But if you live for external achievement, years pass and the deepest parts of you go unexplored and unstructured. You lack a moral vocabulary. It is easy to slip into a self-satisfied moral mediocrity. You grade yourself on a forgiving curve. You figure as long as you are not obviously hurting anybody and people seem to like you, you must be O.K. But you live with an unconscious boredom, separated from the deepest meaning of life and the highest moral joys. Gradually, a humiliating gap opens between your actual self and your desired self, between you and those incandescent souls you sometimes meet.”

http://www.nytimes.com/2015/04/12/opinion/sunday/david-brooks-the-moral-bucket-list.html?smprod=nytcore-ipad&smid=nytcore-ipad-share

April 10, 2015

A Crazy Old-School Physician

A post by Suneel Dhand on KevinMD asks the question who is crazy – the elderly physician who knows his patient’s history by heart, or today’s young doctors, who know the computer better than their patients:

Then there’s the reality that his generation represents exactly what a personal physician should be. A solid physician with great clinical skills and highly respected by both the patient and their family. Unlike what medicine has become today, this was a doctor who would look you in the eye and think carefully and thoroughly through the diagnosis and treatment plan. It was obvious when he spoke to me that his clinical reasoning skills were top-notch. He wasn’t a doctor who was glued to his computer screen, having to spend the majority of his day clicking and typing away — about as far away as possible from the “type and click bot” doctor that is proliferating at today’s medical front lines.

http://www.kevinmd.com/blog/2015/04/the-old-school-physician-is-who-we-should-aspire-to-be.html

March 18, 2015

What Can Doctors Learn from Teachers?

An article in The New York Times about Doug Lemov’s book “Teach Like a Champion“ made me think more deeply about what to do with outcomes measures in health care.

Lemov has analyzed how successful teachers teach, measuring how long they wait for students to answer questions to how much eye contact they have to when they move around in the classroom and when they don’t. And he claims that these seemingly intuitive and almost invisible skills need to be learned and practiced.

“[The] Los Angeles school system tabulated the performance of roughly 6,000 teachers, using measures of student achievement. The best performing teacher in the whole system was a woman named Zenaida Tan. Up until that report, she was completely unheralded. The skills she possessed were invisible. Meanwhile, less important traits were measured on her evaluations (three times she was late to pick up students from recess).

[T]hese subtle skills are often not recognized or even discussed by those who talk about education policy, or even by those who evaluate teachers.

[This is like] the skill of herding cats. The master of cat herding senses when attention is about to wander, knows how fast to move a diverse group, senses the rhythm between lecturing and class participation, varies the emotional tone. This is a performance skill that surely is relevant beyond education.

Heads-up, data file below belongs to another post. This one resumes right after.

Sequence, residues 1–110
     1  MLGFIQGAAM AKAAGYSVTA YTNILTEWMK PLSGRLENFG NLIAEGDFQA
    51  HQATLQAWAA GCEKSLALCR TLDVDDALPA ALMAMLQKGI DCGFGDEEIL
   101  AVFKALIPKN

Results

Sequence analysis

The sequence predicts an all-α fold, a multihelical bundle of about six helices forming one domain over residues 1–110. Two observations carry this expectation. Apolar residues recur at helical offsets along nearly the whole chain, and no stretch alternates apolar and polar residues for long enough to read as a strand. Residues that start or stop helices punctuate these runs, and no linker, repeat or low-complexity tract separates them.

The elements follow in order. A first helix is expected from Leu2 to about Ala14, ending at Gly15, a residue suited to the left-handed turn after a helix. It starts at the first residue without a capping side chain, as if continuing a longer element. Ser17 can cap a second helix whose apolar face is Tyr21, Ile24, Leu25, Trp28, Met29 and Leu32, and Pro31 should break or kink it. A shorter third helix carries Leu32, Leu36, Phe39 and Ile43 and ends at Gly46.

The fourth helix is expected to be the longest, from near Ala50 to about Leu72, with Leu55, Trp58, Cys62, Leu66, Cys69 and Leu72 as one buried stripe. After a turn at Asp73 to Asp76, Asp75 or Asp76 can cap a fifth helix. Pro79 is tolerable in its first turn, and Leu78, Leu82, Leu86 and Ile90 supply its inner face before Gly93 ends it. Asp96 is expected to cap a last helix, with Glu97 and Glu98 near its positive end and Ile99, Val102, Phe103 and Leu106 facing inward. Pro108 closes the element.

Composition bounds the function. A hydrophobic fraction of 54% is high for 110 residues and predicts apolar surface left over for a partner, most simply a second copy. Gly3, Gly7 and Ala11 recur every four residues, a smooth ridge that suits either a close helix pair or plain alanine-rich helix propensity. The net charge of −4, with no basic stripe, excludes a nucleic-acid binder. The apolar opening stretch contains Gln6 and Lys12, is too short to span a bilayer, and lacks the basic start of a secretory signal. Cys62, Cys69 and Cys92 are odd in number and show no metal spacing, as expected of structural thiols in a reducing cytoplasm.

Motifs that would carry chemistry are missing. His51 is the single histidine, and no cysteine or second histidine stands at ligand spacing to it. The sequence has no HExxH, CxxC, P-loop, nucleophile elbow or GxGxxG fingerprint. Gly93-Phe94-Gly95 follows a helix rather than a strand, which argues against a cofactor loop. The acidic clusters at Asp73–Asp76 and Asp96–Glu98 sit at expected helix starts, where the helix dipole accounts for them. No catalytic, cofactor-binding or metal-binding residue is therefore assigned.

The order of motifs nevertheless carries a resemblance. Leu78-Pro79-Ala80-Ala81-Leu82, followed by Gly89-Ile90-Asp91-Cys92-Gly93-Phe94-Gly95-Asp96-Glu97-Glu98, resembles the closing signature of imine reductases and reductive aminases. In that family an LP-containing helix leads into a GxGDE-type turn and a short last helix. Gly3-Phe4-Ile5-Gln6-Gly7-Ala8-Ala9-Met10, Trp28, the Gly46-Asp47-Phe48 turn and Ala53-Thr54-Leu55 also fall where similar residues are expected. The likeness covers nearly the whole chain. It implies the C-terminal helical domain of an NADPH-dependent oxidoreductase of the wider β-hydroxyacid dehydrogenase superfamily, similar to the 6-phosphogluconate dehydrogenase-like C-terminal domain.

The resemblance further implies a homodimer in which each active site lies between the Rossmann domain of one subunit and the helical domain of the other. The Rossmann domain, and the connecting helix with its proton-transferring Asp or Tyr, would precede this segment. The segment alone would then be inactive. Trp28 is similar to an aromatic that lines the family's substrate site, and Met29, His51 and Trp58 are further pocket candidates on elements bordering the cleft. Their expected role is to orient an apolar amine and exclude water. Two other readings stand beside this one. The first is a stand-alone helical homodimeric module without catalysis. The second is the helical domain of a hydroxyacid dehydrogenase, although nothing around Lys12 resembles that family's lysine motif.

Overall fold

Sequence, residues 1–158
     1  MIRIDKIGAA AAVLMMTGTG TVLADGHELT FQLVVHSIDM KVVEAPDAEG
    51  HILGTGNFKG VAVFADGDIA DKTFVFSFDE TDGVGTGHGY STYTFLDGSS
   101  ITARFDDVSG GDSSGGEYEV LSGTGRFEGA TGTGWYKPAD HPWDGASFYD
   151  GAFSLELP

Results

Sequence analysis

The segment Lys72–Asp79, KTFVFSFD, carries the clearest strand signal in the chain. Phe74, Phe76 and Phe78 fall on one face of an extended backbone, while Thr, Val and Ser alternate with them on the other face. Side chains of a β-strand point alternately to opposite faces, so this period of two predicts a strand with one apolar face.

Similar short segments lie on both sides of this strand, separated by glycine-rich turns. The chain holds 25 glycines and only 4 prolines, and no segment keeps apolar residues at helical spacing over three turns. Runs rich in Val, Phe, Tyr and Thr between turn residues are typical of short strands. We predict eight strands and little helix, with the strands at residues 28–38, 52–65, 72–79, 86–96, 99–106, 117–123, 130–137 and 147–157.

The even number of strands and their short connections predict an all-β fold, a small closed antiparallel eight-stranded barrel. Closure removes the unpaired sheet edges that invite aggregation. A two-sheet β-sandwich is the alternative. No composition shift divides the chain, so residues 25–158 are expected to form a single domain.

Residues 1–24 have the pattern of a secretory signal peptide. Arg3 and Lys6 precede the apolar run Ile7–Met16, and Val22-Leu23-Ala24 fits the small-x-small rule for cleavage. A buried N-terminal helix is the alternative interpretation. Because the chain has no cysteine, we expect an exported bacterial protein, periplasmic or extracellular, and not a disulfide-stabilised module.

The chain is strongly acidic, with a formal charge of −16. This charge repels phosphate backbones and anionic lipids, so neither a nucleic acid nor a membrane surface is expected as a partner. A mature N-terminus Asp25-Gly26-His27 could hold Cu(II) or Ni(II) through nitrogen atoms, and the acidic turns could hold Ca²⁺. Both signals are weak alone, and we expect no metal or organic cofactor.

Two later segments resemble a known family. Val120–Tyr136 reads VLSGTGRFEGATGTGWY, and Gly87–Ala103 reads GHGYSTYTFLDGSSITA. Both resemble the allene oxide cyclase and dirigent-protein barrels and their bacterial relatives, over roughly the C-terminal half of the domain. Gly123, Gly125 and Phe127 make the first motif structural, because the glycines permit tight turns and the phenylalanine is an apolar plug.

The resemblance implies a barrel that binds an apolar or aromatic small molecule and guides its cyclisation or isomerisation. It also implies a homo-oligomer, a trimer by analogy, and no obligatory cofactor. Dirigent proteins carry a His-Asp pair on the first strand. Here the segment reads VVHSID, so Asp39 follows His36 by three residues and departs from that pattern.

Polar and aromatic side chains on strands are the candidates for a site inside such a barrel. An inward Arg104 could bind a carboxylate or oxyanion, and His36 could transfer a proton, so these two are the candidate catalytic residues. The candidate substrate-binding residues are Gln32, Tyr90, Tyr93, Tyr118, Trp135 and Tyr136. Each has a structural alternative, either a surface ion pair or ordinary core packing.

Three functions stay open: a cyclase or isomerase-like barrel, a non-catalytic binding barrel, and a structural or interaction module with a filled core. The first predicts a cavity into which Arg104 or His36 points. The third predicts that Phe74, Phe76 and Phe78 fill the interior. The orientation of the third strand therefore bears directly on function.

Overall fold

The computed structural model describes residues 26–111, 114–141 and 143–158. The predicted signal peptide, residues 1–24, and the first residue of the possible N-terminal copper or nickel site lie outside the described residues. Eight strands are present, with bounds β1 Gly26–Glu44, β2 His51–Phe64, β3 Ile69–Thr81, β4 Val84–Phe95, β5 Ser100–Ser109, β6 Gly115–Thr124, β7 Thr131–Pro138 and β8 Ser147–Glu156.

This raises an important point. As the economy changes, the skills required to thrive in it change, too, and it takes a while before these new skills are defined and acknowledged.”

Thinking of where we are in health care, measuring “outcomes” is only the beginning. It needs to be followed by intelligent analysis of which methods and approaches produce those outcomes. And any implementation of what works in one community or one clinic needs to be tried and evaluated before we can be sure it also works for our own patients.

The New York Times’ article’s sobering conclusion is that the skills required for the future will not be fully defined or acknowledged in the present. Just like the highest achieving teacher received no recognition for several years, doctors that practice excellent and up to date medicine are sometimes penalized for disregarding lingering yet already outdated guidelines or prioritizing important outcomes nobody thought of measuring yet over pseudo measures that are easier to quantify.

http://www.nytimes.com/2015/03/17/opinion/skills-in-flux.html?smprod=nytcore-ipad&smid=nytcore-ipad-share

February 8, 2015

The Difference Between Care and Cure

My wife ordered a book a few weeks ago by Henri Nouwen, called “Bread for the Journey”. It was published posthumously and contains daily reflections. Nouwen is perhaps best known for his writings about the “wounded healer”. This morning over coffee, Emma asked me to look at today’s reflection, titled “Care, the Source of All Cure”:

“Care is something other than cure. Cure means “change.” A doctor, a lawyer, a minister, a social worker-they all want to use their professional skills to bring about changes in people’s lives. They get paid for whatever kind of cure they can bring about. But cure, desirable as it may be, can easily become violent, manipulative, and even destructive if it does not grow out of care. Care is being with, crying out with, suffering with, feeling with. Care is compassion. It is claiming the truth that the other person is my brother or sister, human, mortal, vulnerable, like I am.

When care is our first concern, cure can be received as a gift. Often we are not able to cure, but we are always able to care. To care is to be human.”

http://wp.henrinouwen.org/daily_meditation_blog/?p=3530